Follow this link for more information about the Blackland Chapter of the Native Prairies Association: https://blacklandnpat.wordpress.com/about/
Foodie Friends, come join us on June 10 and 11 in Dallas as we participate in the Taste for Dallas event!
The Taste of Dallas is the largest summertime food and beverage event in Dallas and focuses on foodies. This is the 31st year for this event, which features over 250 participants and exhibitors, including:
The Taste Marketplace showcases a unique mix of foods, cooking demonstrations, and food samplings from specialty vendors. Wander the aisles packed with a variety of sinfully delicious and unique culinary creations and commodities. Sample and bring home tastes from one-of-a-kind exhibitors offering handmade spices, sauces, dips, olive oils, jams and more. Take time to peruse the exceptionally wide selection of contemporary vendors, artists and craftsmen plying their trade and selling their wares.
We’d love to see our foodie friends in Dallas, so join us at Fair Park, 3600 Grand Avenue, Dallas, Texas 75210. This event benefits the North Texas Food Bank as the Charity Partner: https://www.ntfb.org/.
See you there!
We humans are so lucky to have air conditioning in the summertime, especially here in southeast Texas, where on average high temperatures can reach more than 100 degrees Fahrenheit several times each year. Bees, on the other hand, have to work to keep their hives at a perfect temperature to ensure proper development of their brood; between about 91 and 97 Fahrenheit.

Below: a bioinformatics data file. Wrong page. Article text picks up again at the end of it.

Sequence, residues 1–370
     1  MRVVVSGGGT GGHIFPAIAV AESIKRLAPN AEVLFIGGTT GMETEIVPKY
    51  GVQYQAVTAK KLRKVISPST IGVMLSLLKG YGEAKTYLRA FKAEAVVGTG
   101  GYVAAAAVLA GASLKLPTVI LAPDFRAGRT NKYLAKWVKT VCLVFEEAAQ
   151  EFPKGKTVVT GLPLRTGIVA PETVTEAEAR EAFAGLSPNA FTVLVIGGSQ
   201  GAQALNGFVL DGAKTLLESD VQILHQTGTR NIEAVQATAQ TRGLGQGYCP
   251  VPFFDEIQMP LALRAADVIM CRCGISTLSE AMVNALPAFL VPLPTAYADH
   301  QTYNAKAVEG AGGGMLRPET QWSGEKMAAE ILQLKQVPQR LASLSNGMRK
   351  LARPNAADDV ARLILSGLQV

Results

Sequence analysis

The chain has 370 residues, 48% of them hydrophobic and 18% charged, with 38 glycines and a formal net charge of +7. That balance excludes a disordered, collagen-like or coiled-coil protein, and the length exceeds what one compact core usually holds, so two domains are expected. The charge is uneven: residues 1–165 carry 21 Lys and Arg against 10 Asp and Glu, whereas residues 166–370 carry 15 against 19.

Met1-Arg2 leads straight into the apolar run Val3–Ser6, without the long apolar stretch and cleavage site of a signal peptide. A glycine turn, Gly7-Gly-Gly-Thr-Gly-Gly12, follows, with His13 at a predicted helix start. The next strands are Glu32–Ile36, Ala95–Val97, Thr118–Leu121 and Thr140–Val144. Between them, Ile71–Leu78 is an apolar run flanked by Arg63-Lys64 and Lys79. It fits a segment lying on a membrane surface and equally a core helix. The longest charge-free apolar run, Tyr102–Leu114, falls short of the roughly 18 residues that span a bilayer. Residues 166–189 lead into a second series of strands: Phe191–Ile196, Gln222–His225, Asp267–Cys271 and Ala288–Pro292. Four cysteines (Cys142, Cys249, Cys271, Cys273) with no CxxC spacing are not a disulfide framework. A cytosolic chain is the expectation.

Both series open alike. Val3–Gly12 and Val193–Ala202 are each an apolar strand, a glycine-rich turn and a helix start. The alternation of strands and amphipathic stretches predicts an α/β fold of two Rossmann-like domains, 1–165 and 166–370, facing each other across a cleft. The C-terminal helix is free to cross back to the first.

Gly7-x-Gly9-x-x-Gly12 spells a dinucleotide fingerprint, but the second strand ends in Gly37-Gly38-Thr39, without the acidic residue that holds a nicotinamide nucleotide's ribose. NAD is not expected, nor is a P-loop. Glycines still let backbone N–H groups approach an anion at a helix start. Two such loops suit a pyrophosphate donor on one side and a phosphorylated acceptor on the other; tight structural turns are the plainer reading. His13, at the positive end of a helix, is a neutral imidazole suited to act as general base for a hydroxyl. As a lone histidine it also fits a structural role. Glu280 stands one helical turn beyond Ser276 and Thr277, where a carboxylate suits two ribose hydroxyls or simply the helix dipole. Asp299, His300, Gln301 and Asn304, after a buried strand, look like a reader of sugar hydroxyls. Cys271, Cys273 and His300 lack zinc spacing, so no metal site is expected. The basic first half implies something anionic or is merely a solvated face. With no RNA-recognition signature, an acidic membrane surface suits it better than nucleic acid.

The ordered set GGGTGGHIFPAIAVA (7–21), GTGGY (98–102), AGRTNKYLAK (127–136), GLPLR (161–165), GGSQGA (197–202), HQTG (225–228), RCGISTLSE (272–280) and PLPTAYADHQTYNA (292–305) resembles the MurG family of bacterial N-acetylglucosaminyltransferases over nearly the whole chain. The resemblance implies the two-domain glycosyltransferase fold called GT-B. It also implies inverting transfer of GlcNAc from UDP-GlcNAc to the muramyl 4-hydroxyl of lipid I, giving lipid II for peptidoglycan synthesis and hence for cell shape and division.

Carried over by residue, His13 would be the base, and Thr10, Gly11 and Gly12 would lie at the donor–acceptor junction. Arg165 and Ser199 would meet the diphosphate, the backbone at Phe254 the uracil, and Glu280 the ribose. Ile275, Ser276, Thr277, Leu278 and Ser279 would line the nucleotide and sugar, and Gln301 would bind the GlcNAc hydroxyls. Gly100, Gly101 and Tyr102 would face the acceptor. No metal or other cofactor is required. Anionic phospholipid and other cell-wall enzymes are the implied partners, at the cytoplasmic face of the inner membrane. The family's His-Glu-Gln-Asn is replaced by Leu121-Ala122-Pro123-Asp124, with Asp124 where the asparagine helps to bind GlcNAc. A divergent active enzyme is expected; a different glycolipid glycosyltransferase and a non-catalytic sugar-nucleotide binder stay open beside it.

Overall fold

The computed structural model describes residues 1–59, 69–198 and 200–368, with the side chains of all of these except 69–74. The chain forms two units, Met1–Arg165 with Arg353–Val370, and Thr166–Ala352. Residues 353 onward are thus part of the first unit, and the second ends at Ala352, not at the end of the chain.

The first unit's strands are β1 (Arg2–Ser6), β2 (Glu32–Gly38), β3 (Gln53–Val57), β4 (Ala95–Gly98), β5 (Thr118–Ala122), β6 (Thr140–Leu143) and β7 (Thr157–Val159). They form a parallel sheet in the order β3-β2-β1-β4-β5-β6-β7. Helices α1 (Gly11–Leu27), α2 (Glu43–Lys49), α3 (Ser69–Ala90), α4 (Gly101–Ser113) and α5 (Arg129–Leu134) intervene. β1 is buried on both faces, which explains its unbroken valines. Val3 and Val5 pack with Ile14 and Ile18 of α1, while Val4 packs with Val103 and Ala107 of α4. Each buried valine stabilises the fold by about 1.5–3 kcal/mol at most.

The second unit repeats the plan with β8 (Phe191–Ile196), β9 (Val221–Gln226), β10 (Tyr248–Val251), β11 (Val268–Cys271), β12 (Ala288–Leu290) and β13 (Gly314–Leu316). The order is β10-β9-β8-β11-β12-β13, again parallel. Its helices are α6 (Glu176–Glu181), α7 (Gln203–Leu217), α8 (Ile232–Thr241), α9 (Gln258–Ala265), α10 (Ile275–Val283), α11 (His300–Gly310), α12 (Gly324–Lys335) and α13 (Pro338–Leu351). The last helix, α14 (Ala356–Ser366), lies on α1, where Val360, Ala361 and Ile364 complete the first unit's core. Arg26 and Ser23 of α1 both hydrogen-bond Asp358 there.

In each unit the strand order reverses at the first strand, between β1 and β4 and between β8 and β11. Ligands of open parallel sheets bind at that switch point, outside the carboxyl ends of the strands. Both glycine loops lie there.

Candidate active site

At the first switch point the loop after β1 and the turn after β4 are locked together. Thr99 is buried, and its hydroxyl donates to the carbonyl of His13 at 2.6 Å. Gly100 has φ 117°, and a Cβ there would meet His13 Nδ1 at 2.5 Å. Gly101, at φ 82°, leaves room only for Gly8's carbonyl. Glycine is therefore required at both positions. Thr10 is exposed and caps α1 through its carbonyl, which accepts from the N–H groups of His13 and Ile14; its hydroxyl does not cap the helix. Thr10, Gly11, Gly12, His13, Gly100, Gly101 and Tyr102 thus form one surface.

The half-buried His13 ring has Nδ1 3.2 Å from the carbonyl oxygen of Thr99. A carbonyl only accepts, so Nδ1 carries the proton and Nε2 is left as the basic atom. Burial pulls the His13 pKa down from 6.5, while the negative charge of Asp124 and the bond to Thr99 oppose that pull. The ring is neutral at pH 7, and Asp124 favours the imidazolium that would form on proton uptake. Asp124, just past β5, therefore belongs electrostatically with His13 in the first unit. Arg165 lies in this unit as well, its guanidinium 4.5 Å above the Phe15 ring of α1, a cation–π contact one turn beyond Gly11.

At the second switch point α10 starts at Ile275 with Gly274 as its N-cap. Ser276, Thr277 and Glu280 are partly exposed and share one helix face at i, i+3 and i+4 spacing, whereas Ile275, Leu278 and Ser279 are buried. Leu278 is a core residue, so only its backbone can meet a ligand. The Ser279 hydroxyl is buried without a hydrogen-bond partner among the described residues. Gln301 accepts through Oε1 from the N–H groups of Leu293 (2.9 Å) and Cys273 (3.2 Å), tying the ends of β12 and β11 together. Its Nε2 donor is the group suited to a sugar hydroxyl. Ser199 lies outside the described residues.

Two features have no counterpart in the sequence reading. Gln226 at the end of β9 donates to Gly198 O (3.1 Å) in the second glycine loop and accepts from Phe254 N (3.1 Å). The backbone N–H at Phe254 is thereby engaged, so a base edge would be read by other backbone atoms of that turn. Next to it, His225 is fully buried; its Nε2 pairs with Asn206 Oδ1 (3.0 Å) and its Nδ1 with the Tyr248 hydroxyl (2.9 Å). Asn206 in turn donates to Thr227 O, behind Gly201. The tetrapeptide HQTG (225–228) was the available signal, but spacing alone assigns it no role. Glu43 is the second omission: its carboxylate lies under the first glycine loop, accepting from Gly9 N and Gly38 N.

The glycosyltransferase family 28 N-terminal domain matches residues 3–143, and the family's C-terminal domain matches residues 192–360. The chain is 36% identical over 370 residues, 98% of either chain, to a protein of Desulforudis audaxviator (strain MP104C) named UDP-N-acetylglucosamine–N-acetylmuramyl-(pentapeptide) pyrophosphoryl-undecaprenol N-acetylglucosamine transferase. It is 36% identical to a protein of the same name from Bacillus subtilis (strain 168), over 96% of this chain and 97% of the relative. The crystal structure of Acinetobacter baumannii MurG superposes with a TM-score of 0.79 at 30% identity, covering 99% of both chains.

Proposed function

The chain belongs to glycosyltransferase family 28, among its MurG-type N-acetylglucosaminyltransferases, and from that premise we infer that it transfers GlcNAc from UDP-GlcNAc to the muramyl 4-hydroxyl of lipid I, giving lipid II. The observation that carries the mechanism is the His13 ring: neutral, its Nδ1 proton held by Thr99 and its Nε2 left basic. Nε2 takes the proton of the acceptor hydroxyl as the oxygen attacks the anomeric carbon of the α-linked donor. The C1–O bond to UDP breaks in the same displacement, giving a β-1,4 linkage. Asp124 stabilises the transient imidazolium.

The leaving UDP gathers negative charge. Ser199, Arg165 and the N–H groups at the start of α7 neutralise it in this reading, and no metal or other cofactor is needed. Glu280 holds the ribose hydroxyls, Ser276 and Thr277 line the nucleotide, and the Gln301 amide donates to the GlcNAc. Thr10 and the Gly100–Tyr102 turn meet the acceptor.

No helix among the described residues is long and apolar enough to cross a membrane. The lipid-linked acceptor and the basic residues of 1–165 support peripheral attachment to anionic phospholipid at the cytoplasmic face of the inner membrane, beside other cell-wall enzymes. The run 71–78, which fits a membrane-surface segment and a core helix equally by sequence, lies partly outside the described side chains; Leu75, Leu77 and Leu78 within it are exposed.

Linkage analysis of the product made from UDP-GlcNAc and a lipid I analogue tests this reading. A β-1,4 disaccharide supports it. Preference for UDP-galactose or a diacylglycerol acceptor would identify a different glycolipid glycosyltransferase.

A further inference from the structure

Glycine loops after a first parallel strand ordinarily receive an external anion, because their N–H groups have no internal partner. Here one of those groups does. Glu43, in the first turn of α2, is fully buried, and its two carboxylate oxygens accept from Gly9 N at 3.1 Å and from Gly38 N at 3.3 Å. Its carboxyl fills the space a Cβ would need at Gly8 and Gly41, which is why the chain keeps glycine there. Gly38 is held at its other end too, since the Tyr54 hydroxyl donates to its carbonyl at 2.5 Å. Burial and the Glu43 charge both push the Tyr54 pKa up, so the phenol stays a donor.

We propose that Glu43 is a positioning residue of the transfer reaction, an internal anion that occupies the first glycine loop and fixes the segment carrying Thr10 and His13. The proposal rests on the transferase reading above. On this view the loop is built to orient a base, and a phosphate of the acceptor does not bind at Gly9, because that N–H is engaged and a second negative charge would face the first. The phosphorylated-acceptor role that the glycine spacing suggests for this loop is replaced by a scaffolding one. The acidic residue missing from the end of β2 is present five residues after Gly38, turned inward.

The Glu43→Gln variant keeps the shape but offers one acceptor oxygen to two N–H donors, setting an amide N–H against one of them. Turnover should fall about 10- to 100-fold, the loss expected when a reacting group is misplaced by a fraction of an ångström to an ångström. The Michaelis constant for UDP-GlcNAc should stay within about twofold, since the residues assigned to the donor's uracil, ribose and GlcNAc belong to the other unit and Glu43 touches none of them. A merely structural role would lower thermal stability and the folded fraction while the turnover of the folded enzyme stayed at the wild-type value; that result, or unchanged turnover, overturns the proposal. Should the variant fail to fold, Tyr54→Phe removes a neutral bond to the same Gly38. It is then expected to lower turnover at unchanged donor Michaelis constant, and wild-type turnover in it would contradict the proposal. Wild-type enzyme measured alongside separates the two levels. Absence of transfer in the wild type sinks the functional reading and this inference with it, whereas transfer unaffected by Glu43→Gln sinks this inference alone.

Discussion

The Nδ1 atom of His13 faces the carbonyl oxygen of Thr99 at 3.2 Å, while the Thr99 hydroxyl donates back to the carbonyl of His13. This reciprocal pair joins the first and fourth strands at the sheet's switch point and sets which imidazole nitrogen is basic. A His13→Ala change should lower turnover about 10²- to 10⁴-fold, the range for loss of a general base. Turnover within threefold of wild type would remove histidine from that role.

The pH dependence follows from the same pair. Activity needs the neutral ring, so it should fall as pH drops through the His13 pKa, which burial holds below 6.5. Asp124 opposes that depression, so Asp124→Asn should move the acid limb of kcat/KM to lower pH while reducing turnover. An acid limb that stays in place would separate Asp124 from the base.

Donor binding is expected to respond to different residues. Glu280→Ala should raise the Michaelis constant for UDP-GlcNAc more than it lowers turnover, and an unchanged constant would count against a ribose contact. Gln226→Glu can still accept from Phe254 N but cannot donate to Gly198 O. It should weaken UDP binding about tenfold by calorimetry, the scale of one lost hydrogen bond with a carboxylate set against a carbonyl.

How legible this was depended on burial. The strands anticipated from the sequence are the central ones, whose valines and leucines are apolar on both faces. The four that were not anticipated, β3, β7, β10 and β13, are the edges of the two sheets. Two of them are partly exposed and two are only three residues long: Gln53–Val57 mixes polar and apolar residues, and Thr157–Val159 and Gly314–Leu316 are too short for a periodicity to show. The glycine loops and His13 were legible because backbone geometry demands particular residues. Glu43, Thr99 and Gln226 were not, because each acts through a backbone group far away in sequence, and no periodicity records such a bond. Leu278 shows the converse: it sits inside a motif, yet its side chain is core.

Honey bees are very efficient in cooling their hives. One method bees use is to position themselves along the landing board in the front of their hive and energetically fan their wings to draw air outside the hive and create air circulation within the hive. The bees will also bring extra water into their hive to keep it cool. They may bring up to a gallon of water in one day and distribute it around the hive to function as a coolant.
Bees also regulate the hive temperature by working as a team and clustering together on the outside of their hive. This phenomenon is called “bearding”. Bearding together outside the hive helps to prevent congestion inside the hive, removing extra body heat and lowering the internal hive temperature.
We beekeepers also have a role in assisting the bees in keeping their hive cool. First, when we originally installed our hives, we strategically positioned them along a mature tree line so that the afternoon sun is blocked by shade from the trees. Second, we use a screened inner cover instead of a solid wooden cover inside the top of the hives, which allows for inflow of air. On steamy days, hot air has a better chance to escape. These strategies keep the bees from having to work as hard to regulate the hive temperature.
Hive temperature regulation is very important all year long, and as we approach another hot summer, we will keep a close eye on our hives to be certain they remain healthy in the bee yard.
Nicki Praiswater is co-founder and co-owner of Lone Star Bee Company alongside her life-partner, Mark Crippen. Together, they both enjoy beekeeping, traveling and eating great foods.